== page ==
What do you have planned for this year’s gala in Washington?

Well, the Gala Weekend is certainly evolving, and that’s a multiyear process. That said, this year will have old favorites and some new aspects. First of all, the traditional Saturday afternoon auction luncheon and the Friday night live entertainment have been combined into an all-new event called “Come Fly With Me,” which we are really excited about. It’s a Casino night, auction and party hosted by NIAF and Alitalia, and it is going to be a night of Italian-American fun like you’ve never seen before! It will be hosted at the Reagan Building here in Washington, which is a beautiful venue, and we have a ton of exciting details we are working on with Alitalia to really make the event special, but we’re in the final stages of planning, so I won’t give them away just yet! Let’s just say if you think a red-carpet event is something, wait until you walk the green carpet!
 

On a more serious note, we are really excited that this year will be the first in what we see as a long-term partnership with the Italian American Studies Association. This partnership means our attendees will be treated to quality conferences featuring the foremost Italian and Italian-American thinkers tackling questions that mean something to our community and its future. We will also hold a second “NIAF: Ieri, Oggi, Domani” conference, which was such a great success last year, and has turned into an opportunity for the community to speak directly to NIAF’s leadership, hear what we are planning for the coming year and, more importantly, tell us what is important to them. And of course, we have the movie screenings, wine tastings, and expo space that people love so much.
 

Our 2013-2014 Region of Honor is Campania, which I am personally excited about because it’s where my grandparents came from, and they will be introducing our audience to all kinds of food, wine, products and companies.
 

Finally, the Gala Dinner itself will have evolved a little from last year. We are trying to inject some entertainment into the later part of the event and make the first portion of the evening about highlighting our amazing honorees, telling their stories and hearing their thoughts. It really killed me last year (my first) when I saw how hard it was for people to share with us on their night of honor with a room of 2,000 clinking forks and knives, so we want to avoid that. We are also bringing in live subtitles on the big screens, so for the first time ever we won’t have any Italian-English language gap!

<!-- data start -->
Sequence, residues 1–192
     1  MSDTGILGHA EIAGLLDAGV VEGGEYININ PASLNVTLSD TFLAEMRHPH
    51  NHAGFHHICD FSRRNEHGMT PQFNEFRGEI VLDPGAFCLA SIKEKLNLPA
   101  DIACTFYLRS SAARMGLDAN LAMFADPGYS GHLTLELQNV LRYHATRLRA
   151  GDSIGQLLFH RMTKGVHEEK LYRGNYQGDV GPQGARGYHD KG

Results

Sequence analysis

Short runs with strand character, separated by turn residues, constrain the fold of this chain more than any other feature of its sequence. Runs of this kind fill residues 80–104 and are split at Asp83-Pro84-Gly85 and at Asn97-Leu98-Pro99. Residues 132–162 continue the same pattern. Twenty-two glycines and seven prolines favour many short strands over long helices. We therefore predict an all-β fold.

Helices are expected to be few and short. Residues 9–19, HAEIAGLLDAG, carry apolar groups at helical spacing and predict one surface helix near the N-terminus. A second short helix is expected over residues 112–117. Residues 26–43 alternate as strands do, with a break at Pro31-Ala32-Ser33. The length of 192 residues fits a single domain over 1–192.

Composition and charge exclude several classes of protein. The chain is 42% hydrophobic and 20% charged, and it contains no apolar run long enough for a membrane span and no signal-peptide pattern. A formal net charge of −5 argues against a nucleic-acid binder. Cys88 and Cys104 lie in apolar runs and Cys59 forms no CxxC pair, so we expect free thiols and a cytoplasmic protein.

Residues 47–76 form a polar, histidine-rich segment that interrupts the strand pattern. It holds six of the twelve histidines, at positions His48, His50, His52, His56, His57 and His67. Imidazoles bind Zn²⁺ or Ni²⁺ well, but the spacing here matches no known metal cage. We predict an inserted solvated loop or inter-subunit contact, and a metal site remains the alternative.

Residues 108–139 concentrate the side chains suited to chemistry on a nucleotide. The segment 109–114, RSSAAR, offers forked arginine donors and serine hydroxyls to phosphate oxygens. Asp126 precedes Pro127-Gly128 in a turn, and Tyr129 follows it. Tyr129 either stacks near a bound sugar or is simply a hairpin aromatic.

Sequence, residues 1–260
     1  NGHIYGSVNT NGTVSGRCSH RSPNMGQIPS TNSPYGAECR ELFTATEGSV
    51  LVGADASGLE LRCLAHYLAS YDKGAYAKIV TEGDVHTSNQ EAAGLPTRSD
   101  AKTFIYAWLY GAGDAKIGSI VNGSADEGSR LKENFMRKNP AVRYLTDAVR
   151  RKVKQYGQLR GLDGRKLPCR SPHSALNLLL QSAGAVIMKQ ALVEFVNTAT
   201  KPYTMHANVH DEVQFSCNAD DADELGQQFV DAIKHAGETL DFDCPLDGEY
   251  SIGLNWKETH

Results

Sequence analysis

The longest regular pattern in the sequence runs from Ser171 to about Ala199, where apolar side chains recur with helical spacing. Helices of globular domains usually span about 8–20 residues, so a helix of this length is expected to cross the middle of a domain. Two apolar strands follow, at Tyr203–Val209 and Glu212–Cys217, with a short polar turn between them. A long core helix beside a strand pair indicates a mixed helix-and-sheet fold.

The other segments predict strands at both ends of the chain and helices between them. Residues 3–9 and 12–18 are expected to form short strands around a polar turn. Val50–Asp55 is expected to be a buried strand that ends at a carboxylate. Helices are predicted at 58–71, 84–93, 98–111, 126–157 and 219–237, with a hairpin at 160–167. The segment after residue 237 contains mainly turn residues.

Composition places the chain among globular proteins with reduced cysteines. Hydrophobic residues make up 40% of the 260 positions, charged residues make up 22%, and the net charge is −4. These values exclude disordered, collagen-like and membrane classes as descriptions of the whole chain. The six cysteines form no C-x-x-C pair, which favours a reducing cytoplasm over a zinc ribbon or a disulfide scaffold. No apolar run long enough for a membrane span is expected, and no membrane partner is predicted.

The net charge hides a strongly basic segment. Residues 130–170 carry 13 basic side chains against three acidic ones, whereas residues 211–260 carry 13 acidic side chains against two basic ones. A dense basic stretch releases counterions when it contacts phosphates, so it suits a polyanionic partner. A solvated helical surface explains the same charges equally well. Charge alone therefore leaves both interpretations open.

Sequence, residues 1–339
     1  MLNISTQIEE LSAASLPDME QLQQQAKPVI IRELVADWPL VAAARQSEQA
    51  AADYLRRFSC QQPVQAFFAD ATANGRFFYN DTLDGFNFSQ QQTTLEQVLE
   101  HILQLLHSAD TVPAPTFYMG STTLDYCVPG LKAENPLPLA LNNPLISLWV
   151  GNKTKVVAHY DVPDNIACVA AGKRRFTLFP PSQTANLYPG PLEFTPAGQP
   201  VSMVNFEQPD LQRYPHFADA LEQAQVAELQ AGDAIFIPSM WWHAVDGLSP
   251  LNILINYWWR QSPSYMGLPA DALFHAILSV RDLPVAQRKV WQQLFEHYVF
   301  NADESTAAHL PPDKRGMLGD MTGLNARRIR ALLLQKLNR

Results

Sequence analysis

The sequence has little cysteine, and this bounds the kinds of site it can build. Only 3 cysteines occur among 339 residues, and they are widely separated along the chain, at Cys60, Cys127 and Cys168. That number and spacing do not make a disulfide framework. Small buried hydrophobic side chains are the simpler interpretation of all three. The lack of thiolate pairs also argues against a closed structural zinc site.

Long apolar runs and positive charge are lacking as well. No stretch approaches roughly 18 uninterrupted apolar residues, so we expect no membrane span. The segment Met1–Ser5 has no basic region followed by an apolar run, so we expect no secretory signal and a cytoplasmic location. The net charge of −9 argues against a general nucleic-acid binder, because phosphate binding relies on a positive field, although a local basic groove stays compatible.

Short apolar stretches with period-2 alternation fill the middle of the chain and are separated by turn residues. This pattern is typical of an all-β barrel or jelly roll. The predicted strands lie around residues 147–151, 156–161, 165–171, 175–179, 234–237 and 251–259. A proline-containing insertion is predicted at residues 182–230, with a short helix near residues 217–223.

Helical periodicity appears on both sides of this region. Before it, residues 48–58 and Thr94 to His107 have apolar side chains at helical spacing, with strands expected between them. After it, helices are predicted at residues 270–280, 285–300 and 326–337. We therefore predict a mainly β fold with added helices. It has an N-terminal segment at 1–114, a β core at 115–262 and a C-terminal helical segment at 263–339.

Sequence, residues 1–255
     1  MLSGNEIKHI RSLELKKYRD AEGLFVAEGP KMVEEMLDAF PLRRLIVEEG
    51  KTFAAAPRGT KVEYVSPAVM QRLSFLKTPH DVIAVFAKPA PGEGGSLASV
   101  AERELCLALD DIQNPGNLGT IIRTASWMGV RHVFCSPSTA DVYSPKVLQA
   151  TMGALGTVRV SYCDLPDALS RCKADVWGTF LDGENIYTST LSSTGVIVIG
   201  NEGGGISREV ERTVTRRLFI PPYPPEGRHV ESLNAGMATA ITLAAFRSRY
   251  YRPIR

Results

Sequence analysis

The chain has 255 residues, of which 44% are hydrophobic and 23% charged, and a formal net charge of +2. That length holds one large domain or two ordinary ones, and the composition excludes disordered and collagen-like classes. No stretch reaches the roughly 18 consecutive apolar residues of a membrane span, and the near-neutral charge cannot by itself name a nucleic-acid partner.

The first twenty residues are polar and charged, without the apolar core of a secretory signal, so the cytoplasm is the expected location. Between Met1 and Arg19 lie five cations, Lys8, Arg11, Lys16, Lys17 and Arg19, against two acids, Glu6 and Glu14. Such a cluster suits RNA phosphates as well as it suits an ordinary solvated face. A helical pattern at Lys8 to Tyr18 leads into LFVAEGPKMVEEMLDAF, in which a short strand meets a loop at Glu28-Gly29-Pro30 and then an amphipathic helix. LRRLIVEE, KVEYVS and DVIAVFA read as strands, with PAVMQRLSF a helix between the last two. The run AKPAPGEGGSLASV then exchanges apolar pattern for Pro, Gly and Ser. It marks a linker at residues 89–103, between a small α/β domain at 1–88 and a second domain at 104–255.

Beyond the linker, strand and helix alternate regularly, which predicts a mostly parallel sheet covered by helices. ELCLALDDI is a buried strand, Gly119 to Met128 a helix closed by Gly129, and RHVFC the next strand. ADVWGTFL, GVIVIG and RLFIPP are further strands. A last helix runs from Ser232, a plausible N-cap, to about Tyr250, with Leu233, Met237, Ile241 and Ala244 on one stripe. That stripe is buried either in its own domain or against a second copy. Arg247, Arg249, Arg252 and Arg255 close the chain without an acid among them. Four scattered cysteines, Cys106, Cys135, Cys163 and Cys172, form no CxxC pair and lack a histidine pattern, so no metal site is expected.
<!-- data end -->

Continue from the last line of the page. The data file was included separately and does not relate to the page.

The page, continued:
And then of course we have some great surprises planned for the Chairman’s after-hours party, which is really important to us, believe it or not. It’s the time when everybody gets to let down their hair and really bask in the glow of being around thousands of very proud Italians and Italian Americans. And the good company of family is at the heart of who we are as an organization. Anyone who saw me screaming “O surdato ‘nnammurato” at last year’s gala knows how much I love being together in the warmth of our songs and traditions!

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At the 38th anniversary Gala of the National Italian American Foundation (Washington, DC, October 26) there will be three Honorees: Diana Bracco, Chairman and Chief Executive Officer of Bracco; Roberto Colaninno, Chairman and Chief Executive Officer of Piaggio &C. S.p.A.,
and George Randazzo, Founder National Italian American Sports Hall of Fame. More info:
http://www.niaf.org.